Colin G I’m Colin G, I'm a prosthetic orthotic technician. I make false limbs – so that's legs, arms. Then you've got the orthotics, which is abrasion and correction of limbs from simple things like flat feet to spinal jackets. I don’t shut off, I'm always thinking of work. In actual fact I was away at boarding school – which I thoroughly enjoyed – and I didn’t want to leave school. And it was a funny story then ‘cause I went to the Head Master and he said – it’s a waste of my time, your time, especially your father’s money – the answer’s no. (LAUGHS) I’d no ideas what I wanted to do when I left school. A lot of the lads went into the Army. I did six weeks in Germany with the cadets. I enjoyed my six weeks in Germany but I thought no, don’t fancy this as a life! (LAUGHS) So I left school, and then I followed me father into – because he was an electrician and I thought I’d do that. And I worked at Southend Greyhound Track, that was great, I was there for about six or seven months, and then I just went into retail. The first big recession hit, many years ago, and I was looking around for a job and I had a friend who was doing prosthetics, he says come and work for us. And I says well I says I know nothing about prosthetics, he says nor does anybody else, he says you just come in and that was it. I specialised as an upper limb technician, and I did that for ten years in Roehampton. And I was training to be the Manager, but then I developed cancer, and that threw that all out. It wasn't – it wasn't going to beat me. I did not have a day – I had three days off work for shingles, I worked through the whole lot. Because it was just my way of getting over it, and I just said God, you know, you ain’t going to beat me. You ain’t going to beat me. But no, as I say, it happens, you just get on with it, that's it, you know. Just that's the thing, there's nothing you can do about it, don’t worry about it. When I finished with the cancer I had to do a quick career change to lower limbs, so I trained in lower limbs, and then job come up here at Cambridge, for an upper limb technician, so I’ve come here, and I also now do a lot of orthotics. But my specialist is – I'm an upper limb technician. There is a big career structure within the NHS, within the prosthetics itself is a small part of it, but again there’s a big career structure before we actually get to assemble the bits. The five years I trained were very very hard. There was a fellow called Ernie Lane and he always said to me – and I think I’ll always remember this – if you work hard now boy you’ll never work hard again. And I've never found any job difficult since, and I always bear that in mind. I think I can honestly say I look back now and yeah, twenty-five years hobby – five years hard work, twenty-five years hobby. Believe it or not there’s a new electronic hand coming up, which is all moving, all singing, all dancing. To work with that, you know, that would be the ultimate, because when I started electronics were just coming into the industry. But to actually to be given a chance to work on that you know would be absolutely – see me from beginning to the end. As a prosthetic technician generally, you don’t see patients. As - myself as an upper limb technician, I see patients and I specialise – they come and see me direct, so I run my own clinic. As to dealing with patients, I'm pretty up front. I think if you’re straight with them, and say look you know, yeah, you’ve lost a limb but talk to me, we can come up with things, we’ll sit down and we’ll write on a little bit of paper and then we’ll try it and everything else, so – so again that's part of the job that I enjoy, that one to one with patients. To me its great, you know, they get on with their lives and that's it, you know, and in fact as long as I can help them do that I'm – you know, it makes me happy, you know. Trouble is you see I could be too good and then you seen they don’t come – you know they don’t break down and I ain’t got a job. But I don’t think that’ll happen. (LAUGHS) ENDS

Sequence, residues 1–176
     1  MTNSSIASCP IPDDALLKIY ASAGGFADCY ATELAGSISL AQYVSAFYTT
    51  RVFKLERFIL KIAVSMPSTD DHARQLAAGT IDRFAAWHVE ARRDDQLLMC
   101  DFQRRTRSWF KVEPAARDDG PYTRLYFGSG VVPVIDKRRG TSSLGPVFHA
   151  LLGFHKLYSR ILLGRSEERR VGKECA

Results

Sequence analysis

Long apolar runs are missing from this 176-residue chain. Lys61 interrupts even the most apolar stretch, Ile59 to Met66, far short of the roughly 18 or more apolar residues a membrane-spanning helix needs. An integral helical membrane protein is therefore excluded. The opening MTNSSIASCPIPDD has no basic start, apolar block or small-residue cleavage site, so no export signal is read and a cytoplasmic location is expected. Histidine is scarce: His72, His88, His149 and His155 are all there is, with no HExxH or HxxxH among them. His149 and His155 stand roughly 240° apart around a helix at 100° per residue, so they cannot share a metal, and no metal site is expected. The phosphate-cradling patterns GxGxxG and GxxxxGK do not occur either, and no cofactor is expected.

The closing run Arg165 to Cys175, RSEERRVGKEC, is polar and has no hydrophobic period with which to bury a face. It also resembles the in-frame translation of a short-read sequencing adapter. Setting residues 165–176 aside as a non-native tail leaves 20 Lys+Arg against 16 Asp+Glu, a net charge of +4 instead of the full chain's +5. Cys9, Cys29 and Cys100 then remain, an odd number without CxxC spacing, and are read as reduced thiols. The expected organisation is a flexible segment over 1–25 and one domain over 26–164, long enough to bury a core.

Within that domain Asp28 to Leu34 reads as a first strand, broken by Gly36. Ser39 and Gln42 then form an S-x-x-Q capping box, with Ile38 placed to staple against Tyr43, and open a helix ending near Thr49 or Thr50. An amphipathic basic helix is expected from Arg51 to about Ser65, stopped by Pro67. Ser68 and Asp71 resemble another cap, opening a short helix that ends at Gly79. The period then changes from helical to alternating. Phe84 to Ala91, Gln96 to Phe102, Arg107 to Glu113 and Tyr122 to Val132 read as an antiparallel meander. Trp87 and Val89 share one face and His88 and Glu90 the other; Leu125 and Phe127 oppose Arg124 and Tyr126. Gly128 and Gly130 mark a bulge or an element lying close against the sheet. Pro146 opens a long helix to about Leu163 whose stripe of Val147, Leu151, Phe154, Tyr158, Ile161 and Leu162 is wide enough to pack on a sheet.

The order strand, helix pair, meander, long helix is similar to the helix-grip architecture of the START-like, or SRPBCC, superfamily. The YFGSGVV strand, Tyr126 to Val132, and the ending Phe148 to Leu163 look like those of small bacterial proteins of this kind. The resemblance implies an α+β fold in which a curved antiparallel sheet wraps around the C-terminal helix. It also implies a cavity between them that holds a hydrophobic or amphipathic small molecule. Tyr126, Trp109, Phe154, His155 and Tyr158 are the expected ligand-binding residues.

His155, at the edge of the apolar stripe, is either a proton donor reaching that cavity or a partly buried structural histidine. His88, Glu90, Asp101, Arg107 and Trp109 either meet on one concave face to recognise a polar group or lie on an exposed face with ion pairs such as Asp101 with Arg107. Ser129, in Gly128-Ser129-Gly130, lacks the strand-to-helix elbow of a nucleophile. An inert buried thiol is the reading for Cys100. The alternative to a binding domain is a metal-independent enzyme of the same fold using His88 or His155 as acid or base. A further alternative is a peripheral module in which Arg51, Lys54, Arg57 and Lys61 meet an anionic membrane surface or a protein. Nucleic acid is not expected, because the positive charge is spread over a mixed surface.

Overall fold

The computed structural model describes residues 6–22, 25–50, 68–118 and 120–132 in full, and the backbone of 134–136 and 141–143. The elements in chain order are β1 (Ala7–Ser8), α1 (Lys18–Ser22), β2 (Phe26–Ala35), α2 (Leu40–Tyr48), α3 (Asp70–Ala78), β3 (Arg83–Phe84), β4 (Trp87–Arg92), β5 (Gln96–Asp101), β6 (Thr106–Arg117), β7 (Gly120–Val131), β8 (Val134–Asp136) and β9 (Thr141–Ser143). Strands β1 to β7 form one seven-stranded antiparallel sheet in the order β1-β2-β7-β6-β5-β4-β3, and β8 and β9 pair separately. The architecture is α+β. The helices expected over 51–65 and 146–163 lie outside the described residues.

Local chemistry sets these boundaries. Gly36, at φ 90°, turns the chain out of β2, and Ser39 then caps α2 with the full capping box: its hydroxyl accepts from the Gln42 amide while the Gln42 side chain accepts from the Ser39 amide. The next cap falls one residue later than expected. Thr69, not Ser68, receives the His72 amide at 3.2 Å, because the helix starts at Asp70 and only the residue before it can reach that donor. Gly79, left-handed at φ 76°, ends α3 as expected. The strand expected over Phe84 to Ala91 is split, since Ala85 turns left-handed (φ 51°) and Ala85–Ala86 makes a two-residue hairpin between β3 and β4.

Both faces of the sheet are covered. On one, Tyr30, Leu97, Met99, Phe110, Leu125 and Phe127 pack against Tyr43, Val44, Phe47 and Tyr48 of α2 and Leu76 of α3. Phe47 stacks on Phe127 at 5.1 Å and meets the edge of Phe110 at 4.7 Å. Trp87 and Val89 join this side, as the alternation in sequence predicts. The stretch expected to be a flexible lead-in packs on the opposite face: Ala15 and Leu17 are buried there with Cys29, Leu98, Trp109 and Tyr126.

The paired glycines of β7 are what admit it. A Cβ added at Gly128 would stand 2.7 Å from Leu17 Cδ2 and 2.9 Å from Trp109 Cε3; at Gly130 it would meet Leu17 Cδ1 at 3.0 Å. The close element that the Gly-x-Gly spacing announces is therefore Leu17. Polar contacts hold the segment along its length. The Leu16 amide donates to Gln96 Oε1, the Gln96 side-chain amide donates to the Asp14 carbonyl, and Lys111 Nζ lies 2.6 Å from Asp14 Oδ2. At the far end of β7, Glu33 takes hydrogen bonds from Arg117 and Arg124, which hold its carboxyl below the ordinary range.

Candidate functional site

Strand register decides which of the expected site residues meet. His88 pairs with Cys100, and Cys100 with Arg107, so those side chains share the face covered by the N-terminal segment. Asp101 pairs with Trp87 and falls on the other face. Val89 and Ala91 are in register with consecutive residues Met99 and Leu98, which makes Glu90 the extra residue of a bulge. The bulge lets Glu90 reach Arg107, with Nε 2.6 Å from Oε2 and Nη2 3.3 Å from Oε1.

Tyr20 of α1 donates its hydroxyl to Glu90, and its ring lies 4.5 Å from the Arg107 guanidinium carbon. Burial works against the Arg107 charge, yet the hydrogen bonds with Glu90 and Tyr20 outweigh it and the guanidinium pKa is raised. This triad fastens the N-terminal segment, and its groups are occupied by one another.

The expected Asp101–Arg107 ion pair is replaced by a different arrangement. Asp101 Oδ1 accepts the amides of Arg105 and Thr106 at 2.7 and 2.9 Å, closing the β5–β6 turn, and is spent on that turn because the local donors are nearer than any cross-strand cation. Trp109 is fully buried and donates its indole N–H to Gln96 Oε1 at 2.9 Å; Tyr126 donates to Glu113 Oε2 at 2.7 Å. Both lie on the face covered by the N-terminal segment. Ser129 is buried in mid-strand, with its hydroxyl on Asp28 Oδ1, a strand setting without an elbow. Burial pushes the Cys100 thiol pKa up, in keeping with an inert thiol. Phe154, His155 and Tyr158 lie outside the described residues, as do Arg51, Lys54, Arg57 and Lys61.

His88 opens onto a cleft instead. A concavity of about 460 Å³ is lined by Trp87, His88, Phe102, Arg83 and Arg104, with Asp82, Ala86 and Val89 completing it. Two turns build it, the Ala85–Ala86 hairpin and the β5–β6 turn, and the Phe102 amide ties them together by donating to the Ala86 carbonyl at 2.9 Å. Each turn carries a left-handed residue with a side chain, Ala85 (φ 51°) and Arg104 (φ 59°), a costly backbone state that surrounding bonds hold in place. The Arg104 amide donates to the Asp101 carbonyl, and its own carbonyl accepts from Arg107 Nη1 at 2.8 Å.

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Age at filming: 46-55, Employer's name: Addenbrookes Hospital